Rabbinical Courts chief against conversion law

Chief Rabbi blasts attempts to revive Jewish practice of polygamy, says his father's words have been quoted selectively.

Arutz Sheva Staff,

Contrary to halakhah? The rabbinic court
Contrary to halakhah? The rabbinic court
Flash 90

The annual conference of the Dayanim of Israel opened this morning in Jerusalem, with the participation of judges from the rabbinic courts as well as the heads of the rabbinical courts.

During the conference, Rabbi Yitzhak Yosef, the Sephardi Chief Rabbi and the President of the Rabbinical Grand Court, attacked the 'Habayit Hayehudi Hashalem' [the complete Jewish family] movement encouraging religious and haredi men to marry a second wife.

Rabbi Yosef accused the movement of falsely representing the values of the Torah, and are quoting out of context and misinterpreting statements made by his father, the late Rabbi Ovadia Yosef.

Rabbi Yosef also called for the expediting of the convening of the committee for the selection of religious judges.

Shortly before the Ministerial Committee on Legislation convened a discussion on the state conversion bill, the head of the Rabbinical Courts, Rabbi Shimon Jacobi, harshly criticized the bill. "The bill is very poor, very damaging and has no significant benefit," he said, adding that "there is no statement that conversion will be done according to Torah law and there is no mention of the Chief Rabbinate of Israel."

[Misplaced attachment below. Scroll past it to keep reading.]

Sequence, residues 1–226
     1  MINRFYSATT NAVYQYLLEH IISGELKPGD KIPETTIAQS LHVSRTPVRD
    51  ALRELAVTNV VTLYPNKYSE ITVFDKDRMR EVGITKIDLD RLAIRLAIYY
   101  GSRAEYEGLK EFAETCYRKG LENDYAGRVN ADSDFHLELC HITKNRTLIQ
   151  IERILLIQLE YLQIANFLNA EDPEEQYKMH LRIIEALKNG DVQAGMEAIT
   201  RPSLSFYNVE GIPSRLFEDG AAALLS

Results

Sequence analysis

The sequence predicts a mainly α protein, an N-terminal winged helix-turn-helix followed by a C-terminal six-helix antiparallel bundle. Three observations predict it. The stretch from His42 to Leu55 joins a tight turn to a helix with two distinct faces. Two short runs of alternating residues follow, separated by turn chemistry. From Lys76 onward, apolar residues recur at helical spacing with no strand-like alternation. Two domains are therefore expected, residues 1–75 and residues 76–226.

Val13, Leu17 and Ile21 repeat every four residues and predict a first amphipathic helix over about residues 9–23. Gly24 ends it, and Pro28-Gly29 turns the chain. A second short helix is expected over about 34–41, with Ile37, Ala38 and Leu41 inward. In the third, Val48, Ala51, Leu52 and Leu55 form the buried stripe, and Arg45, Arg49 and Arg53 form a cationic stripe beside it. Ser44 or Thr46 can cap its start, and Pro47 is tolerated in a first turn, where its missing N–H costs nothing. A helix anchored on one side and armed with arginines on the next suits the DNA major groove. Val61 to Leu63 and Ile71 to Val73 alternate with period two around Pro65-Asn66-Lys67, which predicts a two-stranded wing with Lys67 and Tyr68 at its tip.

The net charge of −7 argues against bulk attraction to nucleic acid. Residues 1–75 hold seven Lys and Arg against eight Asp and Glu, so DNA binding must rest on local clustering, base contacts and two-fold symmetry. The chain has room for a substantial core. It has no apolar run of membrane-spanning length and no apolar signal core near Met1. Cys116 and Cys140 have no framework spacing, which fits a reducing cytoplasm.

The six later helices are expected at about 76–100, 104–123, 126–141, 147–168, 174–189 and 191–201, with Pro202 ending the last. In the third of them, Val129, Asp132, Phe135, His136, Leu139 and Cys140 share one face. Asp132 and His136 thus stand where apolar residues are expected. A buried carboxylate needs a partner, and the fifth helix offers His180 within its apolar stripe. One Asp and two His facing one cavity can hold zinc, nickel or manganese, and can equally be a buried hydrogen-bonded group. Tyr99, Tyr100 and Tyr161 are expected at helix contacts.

Rabbi Jacobi noted that today the conversion system operates only by virtue of the residual authority of the government. According to the High Court of Justice, the authorities have only limited authority, "but now they are granting unlimited formal authority to the government to implement the conversion system according to its decisions, which will make it difficult in the future to attack decisions that do not conform to Torah law."

He added: "Governments come and governments go, and tomorrow the government is liable to employ a wing of the Reform [movement] in the conversion system."

Rabbi Jacobi accused the proponents of the bill of "short-sightedness," and said that it opened the door for the Reform movement to take control of religious matters in Israel and to cause grave damage to the meaning of "marriage and divorce in Israel according to Torah law."

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